Take on your favorite writers in the 2016 Razzball Commenter Leagues! Join here

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A few weeks ago, we looked at some interesting hitter stats over the last few years. If you didn’t find the stats and trends that were highlighted in that article to be particularly interesting, at least you might have been mildly amused by the inclusion of names such as Jack Cust, Candy Nelson, and Silver Flint. Today, it’s the pitchers’ turn. Perhaps I can find an excuse to reference Cannonball Titcomb in this post. There’s only one way to find out! (spoiler alert: he won’t be mentioned again)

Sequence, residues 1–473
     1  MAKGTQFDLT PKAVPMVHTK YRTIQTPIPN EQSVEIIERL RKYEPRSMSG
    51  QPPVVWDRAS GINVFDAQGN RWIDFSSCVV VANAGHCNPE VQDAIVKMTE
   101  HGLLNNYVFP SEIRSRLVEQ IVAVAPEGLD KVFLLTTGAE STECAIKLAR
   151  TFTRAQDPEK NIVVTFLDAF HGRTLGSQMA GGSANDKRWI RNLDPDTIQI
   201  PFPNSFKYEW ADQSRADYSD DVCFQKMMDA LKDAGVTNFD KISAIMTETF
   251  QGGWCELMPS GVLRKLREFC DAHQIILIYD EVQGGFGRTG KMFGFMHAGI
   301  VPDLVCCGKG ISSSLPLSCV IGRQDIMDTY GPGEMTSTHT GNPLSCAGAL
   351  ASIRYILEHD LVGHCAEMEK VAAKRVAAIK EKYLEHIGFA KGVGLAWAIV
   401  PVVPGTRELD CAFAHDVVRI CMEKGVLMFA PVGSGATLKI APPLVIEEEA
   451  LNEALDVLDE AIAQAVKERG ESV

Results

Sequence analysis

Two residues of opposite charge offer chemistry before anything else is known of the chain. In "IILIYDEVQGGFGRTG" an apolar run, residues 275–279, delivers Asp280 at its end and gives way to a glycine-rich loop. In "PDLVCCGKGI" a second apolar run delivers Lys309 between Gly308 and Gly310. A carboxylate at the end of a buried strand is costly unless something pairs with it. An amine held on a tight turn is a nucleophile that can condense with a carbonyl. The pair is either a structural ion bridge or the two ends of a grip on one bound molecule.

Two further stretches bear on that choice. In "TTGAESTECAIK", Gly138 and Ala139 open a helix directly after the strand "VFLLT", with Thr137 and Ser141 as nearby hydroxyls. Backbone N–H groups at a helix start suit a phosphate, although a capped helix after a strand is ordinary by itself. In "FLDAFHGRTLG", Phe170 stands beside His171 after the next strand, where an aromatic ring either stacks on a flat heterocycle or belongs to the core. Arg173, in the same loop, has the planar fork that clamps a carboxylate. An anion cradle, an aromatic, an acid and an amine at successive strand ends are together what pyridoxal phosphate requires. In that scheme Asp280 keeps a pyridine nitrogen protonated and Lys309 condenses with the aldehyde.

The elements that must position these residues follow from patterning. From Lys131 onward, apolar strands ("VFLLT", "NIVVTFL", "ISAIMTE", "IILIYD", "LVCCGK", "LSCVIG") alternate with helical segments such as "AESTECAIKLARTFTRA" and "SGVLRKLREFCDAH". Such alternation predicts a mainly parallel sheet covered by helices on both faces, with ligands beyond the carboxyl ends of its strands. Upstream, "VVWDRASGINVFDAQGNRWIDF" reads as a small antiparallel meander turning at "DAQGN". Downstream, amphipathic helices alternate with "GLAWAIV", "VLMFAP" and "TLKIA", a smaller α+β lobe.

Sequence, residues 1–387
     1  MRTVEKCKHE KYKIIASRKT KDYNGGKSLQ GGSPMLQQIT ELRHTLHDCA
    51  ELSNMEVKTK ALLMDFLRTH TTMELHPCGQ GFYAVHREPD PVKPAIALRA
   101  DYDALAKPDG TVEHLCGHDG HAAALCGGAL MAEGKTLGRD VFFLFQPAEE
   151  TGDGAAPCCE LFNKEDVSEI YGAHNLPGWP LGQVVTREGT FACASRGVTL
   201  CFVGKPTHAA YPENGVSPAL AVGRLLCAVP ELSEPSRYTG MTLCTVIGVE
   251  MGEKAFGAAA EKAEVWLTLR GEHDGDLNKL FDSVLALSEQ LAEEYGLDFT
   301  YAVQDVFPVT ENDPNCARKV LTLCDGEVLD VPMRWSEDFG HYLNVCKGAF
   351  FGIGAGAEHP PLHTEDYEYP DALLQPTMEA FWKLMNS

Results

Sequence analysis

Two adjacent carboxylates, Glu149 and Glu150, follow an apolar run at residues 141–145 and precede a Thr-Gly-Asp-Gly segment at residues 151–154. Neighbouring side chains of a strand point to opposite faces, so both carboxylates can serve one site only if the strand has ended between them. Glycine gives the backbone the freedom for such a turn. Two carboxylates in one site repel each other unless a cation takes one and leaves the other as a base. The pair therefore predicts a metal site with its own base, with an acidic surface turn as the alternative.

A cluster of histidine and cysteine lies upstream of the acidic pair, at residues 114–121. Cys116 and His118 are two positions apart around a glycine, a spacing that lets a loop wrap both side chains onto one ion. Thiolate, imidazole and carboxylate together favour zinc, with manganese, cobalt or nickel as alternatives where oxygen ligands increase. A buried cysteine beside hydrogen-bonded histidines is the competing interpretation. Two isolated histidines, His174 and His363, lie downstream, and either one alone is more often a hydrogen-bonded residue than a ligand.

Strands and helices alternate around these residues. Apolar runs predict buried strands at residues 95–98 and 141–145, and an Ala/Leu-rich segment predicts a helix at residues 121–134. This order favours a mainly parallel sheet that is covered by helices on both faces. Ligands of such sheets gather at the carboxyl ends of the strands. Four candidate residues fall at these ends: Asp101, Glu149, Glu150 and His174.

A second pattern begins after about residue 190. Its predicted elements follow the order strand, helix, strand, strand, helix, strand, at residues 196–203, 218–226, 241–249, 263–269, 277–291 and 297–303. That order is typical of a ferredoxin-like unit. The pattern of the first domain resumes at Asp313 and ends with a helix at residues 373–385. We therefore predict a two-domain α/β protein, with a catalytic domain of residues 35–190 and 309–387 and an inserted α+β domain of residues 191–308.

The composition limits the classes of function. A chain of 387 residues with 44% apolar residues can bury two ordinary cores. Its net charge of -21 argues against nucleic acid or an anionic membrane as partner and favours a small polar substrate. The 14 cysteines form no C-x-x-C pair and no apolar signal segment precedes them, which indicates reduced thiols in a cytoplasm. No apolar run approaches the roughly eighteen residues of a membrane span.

Just as I did in the hitter edition of this series, I’ll be listing various statistics with little to no analysis so that you can be the judge of how relevant each statistic and/or trend is in regards to the 2016 season. This article focuses on pitchers only, and the stats that will be highlighted range from the basic (strikeouts, win-loss record, innings pitched, ERA, WHIP) to the slightly more advanced (K/BB ratio, LOB%, batted ball profile, SwStr%).

Let’s get to it. Here are some interesting pitcher stats and trends to consider entering the 2016 fantasy baseball season: